Why was it defined to work this way?

Presumably because it was considered proper/clean/logical that all authoritative records reside inside the zone that they belong to and that there should be authoritative records also for NS.

Could this have been defined differently?

Yes. Look at for instance how DS records were defined when introduced much later. In that case there is no such record inside the child zone, instead it's the parent that is authoritative.

Can I do it differently?

No. Because it was defined the way it was and all the software out there works based on how it was defined, things will break (often in subtle ways) if you don't do it properly.


You need the same NS records both in your zone and as delegation information in the parent zone. Much the same way, any glue A/AAAA records also need to actually exist as real authoritative records.


Much as I hate to disagree with my esteemed colleague, the NS records within the zone do serve some purposes. For example, the 1ary NS needs to know who all the other NSes are so that in the event of a zone update it can send them all DNS NOTIFYs, so they know to perform zone transfers. This information it gets from those in-zone NS records.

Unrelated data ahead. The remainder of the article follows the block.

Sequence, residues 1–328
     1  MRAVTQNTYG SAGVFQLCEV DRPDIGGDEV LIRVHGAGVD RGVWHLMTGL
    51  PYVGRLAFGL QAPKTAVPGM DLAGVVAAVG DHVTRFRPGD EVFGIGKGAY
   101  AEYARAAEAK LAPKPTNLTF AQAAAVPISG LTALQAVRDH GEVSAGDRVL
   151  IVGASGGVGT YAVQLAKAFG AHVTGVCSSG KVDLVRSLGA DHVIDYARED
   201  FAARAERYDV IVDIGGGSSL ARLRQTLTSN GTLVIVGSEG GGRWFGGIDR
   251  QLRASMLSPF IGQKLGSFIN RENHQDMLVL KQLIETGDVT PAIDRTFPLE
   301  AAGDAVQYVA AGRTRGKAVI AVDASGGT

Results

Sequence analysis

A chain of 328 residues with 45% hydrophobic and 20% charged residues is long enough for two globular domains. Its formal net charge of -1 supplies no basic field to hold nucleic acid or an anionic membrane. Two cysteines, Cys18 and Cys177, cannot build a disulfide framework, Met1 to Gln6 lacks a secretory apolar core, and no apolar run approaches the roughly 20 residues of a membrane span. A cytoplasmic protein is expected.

As for DS records having no in-zone counterpart, the DS is a simple digest of the in-zone KSK DNSKEY record. That record, just like the NS records, would have been mirrored in- and out-zone were it not for the considerable length of KSK records, and the performance implications for domains with tens of millions of child entries, such as .com, of maintaining a similar number of records of arbitrary length. Thus the decision to keep only a digest in the parent zone - but they are still the same record, and the in- and out-zone copies must match, just as with NS records.

tl; dr

Håkan is right; you need those in-zone records, and they really ought to match the out-zone (glue) copies. Generally, don't violate RFCs unless you're really sure you know what you're doing.